Epic Experiment – Piñata Riku

(Riku of Two Reflections | Art by Izzy)

Epic Preparations

Hello EDHREC! I’m Bernardo Melibeu and this is Epic Experiment, a series where we throw all common sense aside and experiment with some unusual strategies, changing how we normally play our deck. Is it going to work? Who knows?! We’re making science here. When you’re an Izzet mage, blowing things up is half the fun.

In this article we’ll be exploring a very flexible commander, one that can be used for both spell-heavy and creature-heavy builds. It’s time for Riku of Two Reflections.

Whenever you cast an instant or sorcery spell, you may pay UR. If you do, copy that spell. You may choose new targets for the copy.

Whenever another nontoken creature enters the battlefield under your control, you may pay GU. If you do, create a token that’s a copy of that creature. 

Observation 1:

Riku is the definition of an open-ended commander. He tells you what he likes, but the choice on how to build him is entirely up to you.

Observation 2:

Even though the choice is open-ended, it’s safe to say that we should plan on including big effects. Paying two mana to copy something that costs two mana doesn’t generate as much advantage as copying, say, a six-mana card.

Observation 3:

He’s needs a lot of ramp to function properly.

Observation 4:

The second trigger is when the creature enters the battlefield, not when they’re cast, which could be relevant.


The Old Formula

Now, let’s see how folks usually build Riku.

On the High Synergy cards, we see the split between spellslinger staples and creature enablers, a funny combination that really summarizes the commander in question. On the Top Cards we see many slots occupied by ramp and common staples, which shows that Riku doesn’t have a well-defined identity.


The Epic Ingredients

With Modern Horizons, I came across a card that surprised me: Spiteful Sliver. The more I thought about it, the more uses I discovered for it. One of the most interesting parts of the card is that, unlike similar Stuffy Doll effects, it scales with how many copies there are in play. While it’s true that Spiteful Sliver is potentially the best of this type of effect ever printed, we can’t rely on it to do the entire job for us. Luckily, there’re plenty of similar effects across red and green.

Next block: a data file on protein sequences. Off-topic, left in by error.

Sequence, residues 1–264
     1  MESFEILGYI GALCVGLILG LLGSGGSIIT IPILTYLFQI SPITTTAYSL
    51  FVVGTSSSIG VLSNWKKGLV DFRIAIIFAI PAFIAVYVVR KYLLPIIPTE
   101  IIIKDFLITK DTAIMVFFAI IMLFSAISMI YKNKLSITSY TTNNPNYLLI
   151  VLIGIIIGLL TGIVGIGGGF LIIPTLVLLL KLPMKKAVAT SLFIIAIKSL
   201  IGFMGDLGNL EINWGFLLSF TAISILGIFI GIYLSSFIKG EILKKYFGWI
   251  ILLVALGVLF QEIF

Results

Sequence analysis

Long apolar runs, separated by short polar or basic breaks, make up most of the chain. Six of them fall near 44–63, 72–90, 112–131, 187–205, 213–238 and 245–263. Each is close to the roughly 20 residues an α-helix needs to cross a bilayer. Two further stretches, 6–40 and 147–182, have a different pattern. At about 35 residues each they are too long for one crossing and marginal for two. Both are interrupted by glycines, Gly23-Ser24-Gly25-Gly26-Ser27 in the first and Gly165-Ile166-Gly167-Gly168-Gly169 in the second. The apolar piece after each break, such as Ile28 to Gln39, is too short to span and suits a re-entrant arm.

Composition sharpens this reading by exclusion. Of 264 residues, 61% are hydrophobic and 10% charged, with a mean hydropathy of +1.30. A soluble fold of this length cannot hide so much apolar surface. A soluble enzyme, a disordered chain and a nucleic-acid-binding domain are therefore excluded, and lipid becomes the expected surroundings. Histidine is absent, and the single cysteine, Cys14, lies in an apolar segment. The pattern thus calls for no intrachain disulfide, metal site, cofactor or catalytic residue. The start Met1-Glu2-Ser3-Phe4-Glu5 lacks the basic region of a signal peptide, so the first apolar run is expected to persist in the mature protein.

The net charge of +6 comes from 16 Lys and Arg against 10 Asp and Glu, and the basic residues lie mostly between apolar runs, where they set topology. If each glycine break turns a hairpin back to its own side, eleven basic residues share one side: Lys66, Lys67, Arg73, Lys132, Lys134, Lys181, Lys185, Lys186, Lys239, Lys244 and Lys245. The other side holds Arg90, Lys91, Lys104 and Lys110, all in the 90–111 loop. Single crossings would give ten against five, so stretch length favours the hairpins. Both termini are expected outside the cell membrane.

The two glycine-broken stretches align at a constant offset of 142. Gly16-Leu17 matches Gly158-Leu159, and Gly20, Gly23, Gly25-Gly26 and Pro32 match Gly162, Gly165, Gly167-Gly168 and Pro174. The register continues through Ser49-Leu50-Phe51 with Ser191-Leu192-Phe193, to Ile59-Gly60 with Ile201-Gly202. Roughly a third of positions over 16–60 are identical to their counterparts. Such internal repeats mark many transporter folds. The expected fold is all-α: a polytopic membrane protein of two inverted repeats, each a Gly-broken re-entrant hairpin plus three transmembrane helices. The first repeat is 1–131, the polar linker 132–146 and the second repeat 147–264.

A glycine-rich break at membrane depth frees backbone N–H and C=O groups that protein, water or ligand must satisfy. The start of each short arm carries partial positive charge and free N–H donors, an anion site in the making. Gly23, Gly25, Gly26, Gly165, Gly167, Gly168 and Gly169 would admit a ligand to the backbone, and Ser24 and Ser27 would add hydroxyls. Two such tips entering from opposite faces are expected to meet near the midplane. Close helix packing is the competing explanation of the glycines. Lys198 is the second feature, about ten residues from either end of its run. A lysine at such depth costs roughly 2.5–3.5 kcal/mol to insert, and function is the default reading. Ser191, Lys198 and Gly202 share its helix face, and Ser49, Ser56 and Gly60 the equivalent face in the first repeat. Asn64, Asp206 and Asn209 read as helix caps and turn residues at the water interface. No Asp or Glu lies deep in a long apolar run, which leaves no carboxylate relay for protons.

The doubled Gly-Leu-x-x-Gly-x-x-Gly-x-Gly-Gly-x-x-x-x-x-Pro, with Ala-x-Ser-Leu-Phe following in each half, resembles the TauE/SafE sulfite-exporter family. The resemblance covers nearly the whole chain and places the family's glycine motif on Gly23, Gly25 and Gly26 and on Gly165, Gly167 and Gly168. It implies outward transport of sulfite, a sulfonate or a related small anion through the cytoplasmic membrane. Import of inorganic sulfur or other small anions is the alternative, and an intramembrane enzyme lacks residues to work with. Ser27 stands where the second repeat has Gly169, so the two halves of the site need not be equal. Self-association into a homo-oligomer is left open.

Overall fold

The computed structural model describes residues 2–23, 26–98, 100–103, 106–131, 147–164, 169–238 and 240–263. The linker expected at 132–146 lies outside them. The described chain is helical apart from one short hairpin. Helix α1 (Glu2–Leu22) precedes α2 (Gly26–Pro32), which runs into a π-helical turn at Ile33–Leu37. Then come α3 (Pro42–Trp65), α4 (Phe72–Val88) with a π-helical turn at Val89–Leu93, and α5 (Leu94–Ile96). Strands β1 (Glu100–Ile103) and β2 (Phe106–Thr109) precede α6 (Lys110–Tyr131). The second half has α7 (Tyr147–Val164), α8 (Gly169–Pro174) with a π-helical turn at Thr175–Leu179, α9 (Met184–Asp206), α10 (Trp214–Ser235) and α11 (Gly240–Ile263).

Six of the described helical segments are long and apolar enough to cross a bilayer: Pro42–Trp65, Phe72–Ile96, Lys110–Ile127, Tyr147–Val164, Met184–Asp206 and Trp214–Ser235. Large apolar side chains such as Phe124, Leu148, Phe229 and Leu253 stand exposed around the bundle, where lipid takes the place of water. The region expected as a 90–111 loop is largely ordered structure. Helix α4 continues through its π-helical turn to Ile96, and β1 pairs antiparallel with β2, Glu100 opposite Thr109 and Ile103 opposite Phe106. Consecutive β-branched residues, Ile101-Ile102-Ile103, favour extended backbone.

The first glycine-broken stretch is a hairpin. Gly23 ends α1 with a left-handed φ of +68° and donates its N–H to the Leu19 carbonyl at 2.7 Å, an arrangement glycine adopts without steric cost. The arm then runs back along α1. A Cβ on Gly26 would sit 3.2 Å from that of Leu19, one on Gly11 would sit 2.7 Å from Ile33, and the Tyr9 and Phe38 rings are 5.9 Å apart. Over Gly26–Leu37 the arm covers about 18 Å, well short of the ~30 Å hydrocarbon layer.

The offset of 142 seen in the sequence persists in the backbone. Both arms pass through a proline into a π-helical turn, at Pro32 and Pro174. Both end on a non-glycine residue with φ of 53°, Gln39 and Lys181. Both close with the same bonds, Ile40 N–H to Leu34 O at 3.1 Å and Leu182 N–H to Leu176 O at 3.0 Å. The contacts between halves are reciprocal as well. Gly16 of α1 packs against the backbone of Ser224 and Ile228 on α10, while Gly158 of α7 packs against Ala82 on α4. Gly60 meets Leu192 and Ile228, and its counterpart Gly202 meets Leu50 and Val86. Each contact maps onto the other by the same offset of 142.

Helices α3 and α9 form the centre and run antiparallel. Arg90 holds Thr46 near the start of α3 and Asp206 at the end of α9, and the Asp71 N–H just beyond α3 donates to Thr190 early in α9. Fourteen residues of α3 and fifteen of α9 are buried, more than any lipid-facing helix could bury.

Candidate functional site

Deal damage to our own creatures to deal damage to our enemies! Riku of Two Reflections has the unique opportunity of having a decent color identity for this strategy while also having relevant abilities to support it. We benefit from both having our spells copied and making tokens of our pieces.

For our Stuffy Doll effects we have: Coalhauler Swine, which is a dangerous piece that hit everyone on the table; Mogg Maniac, a cheap and safe effect; Stuffy Doll, a well-known card with handy indestructibility, but which can only target a single opponent; and Arcbond, which can supplement the aforementioned pieces. Aside from those direct damage effects, we’re also using some alternatives ones too – Grothama, All-Devouring can net us some cards when we deal tons of damage to it.